Direct Instruction

Direct Instruction

Direct instruction is a method in which an instructor speaks directly to a group of students to describe certain learning concepts.

ASU Sync/In-Person
(and Hybrid)

Because of the dual location of the students in this mode of instruction, the instructor will need to make sure that they are standing somewhere in the room where both in-person and remote students can effectively view the instructor. The instructor will also need to remember that remote students may be unable to see what is written on a physical blackboard or whiteboard.  So instructions should be developed beforehand in slides and projected to students (and screen shared with remote students). Instructors might consider making it part of their process to leave at least one slide blank to add any in-the-moment information.  Also, consider looking into using the Zoom annotation features (see the UTO Use Annotations video).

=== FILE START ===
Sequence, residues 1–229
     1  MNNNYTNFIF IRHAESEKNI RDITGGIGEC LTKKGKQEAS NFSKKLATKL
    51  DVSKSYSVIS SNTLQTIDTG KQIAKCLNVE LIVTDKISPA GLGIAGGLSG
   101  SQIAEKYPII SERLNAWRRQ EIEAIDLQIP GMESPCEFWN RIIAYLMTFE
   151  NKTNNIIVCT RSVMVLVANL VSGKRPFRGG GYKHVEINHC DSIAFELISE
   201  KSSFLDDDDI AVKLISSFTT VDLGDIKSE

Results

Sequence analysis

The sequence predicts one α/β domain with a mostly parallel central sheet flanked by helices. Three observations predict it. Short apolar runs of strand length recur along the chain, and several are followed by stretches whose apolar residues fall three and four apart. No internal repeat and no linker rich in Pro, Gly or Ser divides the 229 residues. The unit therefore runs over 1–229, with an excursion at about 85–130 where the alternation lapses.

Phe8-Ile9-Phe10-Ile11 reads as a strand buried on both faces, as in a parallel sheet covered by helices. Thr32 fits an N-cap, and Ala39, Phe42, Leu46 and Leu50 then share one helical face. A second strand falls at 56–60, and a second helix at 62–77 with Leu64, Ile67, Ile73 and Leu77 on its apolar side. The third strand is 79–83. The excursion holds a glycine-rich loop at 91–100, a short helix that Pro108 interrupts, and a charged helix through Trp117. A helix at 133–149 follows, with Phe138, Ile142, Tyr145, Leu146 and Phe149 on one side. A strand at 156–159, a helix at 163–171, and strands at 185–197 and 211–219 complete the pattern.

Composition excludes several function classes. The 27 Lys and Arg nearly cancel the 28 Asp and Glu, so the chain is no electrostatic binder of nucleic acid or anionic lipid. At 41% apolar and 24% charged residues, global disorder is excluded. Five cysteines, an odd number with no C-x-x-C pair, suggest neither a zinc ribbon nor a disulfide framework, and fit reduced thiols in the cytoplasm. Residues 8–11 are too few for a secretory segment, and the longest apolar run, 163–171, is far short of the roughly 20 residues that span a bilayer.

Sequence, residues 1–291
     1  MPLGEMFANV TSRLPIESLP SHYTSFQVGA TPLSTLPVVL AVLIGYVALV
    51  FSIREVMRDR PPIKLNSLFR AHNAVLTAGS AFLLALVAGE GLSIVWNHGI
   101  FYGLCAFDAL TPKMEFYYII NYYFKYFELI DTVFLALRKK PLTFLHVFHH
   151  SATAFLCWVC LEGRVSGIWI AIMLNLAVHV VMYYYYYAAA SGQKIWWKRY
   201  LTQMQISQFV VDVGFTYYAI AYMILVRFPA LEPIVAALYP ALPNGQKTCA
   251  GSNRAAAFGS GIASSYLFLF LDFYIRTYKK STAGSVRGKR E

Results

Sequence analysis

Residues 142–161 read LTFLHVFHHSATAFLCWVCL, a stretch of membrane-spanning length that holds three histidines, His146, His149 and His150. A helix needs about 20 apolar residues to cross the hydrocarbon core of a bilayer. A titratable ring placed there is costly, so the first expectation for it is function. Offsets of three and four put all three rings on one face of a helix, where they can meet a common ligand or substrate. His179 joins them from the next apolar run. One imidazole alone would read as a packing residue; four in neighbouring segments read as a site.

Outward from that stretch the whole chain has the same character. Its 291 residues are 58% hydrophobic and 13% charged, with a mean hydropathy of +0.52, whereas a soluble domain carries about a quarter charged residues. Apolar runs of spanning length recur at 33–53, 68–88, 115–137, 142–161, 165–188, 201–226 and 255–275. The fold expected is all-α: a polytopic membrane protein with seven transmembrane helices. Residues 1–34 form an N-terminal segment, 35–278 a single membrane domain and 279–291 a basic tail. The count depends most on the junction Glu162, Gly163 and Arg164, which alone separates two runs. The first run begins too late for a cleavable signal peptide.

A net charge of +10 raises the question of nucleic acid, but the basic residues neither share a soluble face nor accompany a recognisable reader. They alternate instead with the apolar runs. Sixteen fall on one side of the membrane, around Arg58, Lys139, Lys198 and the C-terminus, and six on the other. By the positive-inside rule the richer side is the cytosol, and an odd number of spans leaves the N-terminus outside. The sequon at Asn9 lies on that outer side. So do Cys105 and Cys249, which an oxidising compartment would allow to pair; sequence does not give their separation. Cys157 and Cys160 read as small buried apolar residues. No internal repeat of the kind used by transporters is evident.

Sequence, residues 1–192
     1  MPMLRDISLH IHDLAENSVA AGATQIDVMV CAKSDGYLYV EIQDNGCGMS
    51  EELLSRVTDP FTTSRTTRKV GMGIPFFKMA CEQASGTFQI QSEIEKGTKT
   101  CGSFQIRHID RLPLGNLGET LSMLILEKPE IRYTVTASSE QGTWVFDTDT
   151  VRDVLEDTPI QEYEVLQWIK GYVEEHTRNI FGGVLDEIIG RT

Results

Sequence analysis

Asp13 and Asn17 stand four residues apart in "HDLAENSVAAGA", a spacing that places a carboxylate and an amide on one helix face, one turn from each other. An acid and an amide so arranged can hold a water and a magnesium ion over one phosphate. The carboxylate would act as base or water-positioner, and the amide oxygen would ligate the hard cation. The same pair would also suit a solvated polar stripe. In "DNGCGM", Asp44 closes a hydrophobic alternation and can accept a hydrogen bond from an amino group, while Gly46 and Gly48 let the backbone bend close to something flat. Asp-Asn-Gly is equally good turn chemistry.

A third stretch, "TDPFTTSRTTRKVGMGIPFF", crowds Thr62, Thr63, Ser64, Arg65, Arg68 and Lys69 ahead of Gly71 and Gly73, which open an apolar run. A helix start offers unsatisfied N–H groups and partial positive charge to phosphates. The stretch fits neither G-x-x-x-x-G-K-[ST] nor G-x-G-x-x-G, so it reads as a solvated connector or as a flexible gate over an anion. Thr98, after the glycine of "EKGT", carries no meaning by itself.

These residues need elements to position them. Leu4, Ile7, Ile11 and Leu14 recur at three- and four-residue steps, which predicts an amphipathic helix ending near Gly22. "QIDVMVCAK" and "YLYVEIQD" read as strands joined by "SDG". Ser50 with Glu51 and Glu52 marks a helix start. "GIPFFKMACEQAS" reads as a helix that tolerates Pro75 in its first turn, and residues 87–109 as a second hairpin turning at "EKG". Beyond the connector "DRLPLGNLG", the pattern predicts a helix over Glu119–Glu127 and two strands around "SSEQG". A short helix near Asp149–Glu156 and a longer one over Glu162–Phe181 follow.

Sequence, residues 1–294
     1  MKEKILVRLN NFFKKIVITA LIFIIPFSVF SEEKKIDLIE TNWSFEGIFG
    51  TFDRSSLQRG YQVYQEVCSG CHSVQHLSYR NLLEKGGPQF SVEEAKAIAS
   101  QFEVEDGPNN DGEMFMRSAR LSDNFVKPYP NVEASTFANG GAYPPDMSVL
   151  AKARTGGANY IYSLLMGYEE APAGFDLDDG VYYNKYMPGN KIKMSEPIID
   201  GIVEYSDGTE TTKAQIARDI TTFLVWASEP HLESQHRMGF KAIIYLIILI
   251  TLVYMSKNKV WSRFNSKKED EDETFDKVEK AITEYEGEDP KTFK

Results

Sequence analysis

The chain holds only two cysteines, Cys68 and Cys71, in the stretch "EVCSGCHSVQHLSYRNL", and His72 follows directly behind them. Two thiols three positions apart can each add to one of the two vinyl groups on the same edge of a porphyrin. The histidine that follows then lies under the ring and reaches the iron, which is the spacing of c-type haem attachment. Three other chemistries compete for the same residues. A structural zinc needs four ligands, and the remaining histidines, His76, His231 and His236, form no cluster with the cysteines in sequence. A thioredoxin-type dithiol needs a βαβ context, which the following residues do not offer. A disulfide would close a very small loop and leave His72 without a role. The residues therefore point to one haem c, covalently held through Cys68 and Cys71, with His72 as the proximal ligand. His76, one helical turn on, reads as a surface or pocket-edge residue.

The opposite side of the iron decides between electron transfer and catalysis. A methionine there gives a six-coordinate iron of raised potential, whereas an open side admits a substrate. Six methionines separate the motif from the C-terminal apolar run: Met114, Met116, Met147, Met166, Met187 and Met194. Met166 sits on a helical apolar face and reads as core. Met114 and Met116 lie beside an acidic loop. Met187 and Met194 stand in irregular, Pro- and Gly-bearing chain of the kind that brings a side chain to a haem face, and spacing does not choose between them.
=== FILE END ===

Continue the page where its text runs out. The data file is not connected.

ASU Sync Only

In general, it is best to use the synchronous class time for engaging students in applying their learning, but there are still times in which direct instruction is necessary.  Consider the following elements when using Zoom:

  • Video Layout.  You will want to share with your students some basic Zoom information, such as toggling between video layouts (see also Adjusting View Options video).  This will make their viewing experience easier to manage.

  • Computer Audio. If you want to play a video clip for all of the participants in your Zoom meeting, you will want to ensure that they will be able to hear it.

Manage Participants. Create a procedure for how your meetings will run. Consider muting all of your participants until you open the floor for questions. Set up a specific time during each meeting for asking questions. Use a Q&A slide as a visual cue that it is time to ask questions. Remind students where to find the Raise Hand feature in Zoom.


Learning Strategies: